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We were all riveted to our television screens this week as a masked ‘cyber expert’ proclaimed that the 2014 Lok Sabha election was stolen by the Bharatiya Janata Party by hacking electronic voting machines en masse. The evidence for his claims is conspicuously thin: we have no idea of the credentials of the supposed cyber expert or verifications of his hyper-real claims, including mass killings and assassinations.
But that hasn’t stopped plenty of people who should know better from buying the story that EVMs can be manipulated using low-frequency waves, which conspiracy theorists refer to as “military grade technology”.
This is because claims of EVM manipulation have become part of our everyday news cycle — science be damned.
The Election Commission of India has on several occasions explained the workings of the machines and even conducted hackathons inviting the sceptics to prove their claims. No one has been able to hack an EVM in these hackathons but that has done little to put an end to the conspiracy theories.
Such manipulation is simply not possible. The technology used in EVMs and the processes put in place by the ECI do not allow such hacking.
I speak from experience. I was a polling booth agent for the Aam Aadmi Party during the 2014 election. I have had extensive discussions with engineers who work on embedded software and device drivers. I also have 20 years’ experience in the technology sector.
First, the technology aspect. An EVM consists of a control unit and a ballot unit. The ballot unit is the one that voters use to pick their preferred candidate, or reject all of them (NOTA), and the control unit is where the vote is recorded.
Each booth at a polling station has a combination of the two units that are connected through a wire. The control unit has a piece of software listening on a port to receive a vote from the ballot unit.
Just because the control unit receives a vote over the wire from a ballot unit doesn’t in any way mean that it can receive a vote — or malicious code that can manipulate votes — wirelessly from another source.
For it to be able to do so, the control unit has to be explicitly designed and manufactured to be compatible with wireless mechanisms and protocols. That involves both a hardware component — called a Network Interface Card in average desktops, laptops, servers, etc — as a well as a software component that can listen for wireless messages.
The ECI has repeatedly said EVMs aren’t manufactured for wireless communication. Any potential “hacker” should have at least gone to the ECI hackathon and just opened up the machine to check for that.
Also, the code, which assigns a vote to a candidate, totals votes for each of the contestants and adds up the votes registered on a machine, is burnt into the chip. The device is “one time programmable”, which means this burning of code into the chip can only be done once per EVM. It is not the model where software is downloaded separately and installed and later upgraded.
Second, the poll process, which I have seen for myself. Each polling centre has multiple booths.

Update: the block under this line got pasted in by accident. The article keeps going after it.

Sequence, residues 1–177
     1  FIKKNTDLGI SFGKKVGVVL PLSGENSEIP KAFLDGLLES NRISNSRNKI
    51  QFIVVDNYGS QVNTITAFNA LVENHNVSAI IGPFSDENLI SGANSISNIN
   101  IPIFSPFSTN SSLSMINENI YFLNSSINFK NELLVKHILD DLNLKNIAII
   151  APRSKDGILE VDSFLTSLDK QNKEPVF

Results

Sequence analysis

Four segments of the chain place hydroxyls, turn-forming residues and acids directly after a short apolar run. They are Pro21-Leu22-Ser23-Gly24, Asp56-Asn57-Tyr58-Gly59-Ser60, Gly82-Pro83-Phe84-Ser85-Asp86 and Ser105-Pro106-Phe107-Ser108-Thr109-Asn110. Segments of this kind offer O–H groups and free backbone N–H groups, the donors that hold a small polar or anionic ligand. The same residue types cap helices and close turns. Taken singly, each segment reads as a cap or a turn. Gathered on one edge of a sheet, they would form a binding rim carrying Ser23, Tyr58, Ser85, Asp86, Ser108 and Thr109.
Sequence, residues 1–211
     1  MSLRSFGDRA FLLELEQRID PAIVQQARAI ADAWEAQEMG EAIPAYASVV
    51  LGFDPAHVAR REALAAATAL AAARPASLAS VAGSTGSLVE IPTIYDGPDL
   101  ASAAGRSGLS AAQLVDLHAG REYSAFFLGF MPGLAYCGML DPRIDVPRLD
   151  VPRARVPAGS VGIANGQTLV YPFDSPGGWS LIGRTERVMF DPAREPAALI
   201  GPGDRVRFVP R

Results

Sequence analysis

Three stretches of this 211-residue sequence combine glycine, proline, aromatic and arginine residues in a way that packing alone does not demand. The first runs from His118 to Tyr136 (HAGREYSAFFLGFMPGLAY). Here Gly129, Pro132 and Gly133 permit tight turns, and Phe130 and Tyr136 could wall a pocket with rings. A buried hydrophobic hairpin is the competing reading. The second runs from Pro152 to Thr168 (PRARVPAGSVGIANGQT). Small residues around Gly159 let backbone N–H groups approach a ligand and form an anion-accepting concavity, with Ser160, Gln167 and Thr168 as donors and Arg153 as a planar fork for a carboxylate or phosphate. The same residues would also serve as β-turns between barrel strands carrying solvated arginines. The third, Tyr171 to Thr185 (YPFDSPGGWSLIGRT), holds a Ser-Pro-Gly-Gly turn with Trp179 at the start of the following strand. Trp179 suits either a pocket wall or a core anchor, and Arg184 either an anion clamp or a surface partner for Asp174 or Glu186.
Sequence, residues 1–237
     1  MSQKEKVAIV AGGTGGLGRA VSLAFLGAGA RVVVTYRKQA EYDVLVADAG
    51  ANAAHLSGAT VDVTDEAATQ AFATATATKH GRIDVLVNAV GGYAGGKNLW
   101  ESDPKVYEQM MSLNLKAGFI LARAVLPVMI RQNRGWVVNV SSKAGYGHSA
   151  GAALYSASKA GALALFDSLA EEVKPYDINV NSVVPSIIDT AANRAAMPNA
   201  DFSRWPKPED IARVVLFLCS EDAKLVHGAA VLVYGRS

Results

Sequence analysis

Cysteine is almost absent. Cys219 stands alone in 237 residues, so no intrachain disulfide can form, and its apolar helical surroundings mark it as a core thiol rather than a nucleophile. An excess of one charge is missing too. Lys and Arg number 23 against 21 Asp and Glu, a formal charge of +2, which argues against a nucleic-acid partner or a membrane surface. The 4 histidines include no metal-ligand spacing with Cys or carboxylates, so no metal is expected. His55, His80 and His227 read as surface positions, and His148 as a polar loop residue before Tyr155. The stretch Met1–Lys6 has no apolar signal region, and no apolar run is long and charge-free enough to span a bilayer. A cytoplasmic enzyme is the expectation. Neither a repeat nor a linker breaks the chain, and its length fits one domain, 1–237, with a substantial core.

For instance, a school can be a polling centre and a room in the school can be a booth. Four election officials are present in each booth. In addition, an agent for each candidate is also allowed — I was the agent posted for AAP’s Bangalore Central candidate.
An hour before voting begins, the polling officer conducts a mock poll involving all the agents to ensure that the keys have been correctly mapped to candidates. The control unit is then reset and polling begins.
Once polling ends, the officer generates a receipt from the control unit that mentions the total number of votes polled in that booth.
The receipt is signed by each agent and the EVM sealed with a receipt inside it. Each agent is also given a written receipt, mentioning the number of votes polled.
On the counting day, candidates’ agents use these receipts to cross-check that the votes displayed by the EVMs are the same as those on their receipts and also that the main signed receipt is in the machine.
This ensures that no manual tampering can be done between the polling and counting days.
Let us for a moment assume a scenario of a possible hacking via wireless transmission.
Even if one were to assume that malicious code can be remotely injected into an EVM through wireless transmission, just thinking of what the code has to do starts to boggle the mind.
The code can’t just assign all votes or extra votes to a given candidate since the total is signed off after polling ends. This means the code has to be intelligent enough to dynamically rebalance the total number of votes in each EVM.
The injected code has to be aware of which candidate to assign more votes to and also the proportion in which the remaining votes have to be distributed so that suspicions are not raised.
The code should also know where exactly in the EVM is candidate information stored and also where the votes are stored.
As if doing it at an individual EVM level is not difficult enough, this manipulation has to be orchestrated across all machines in a constituency.
The total votes polled would have to remain unchanged even as the preferred candidate gets more votes. But, the mandate should not be flagrantly at odds with the mood of the people. This should hold true for all other contestants as well, including Nota.
Perhaps, the next time the ECI organises a hackathon, it should just bring some unprogrammed EVMs, ask these ‘master hackers’ to burn their code into the chip and demonstrate their master algorithm for such mass manipulations.
That would be a challenge worthy of the saviours of Indian democracy.
(The writer is a software developer and architect.)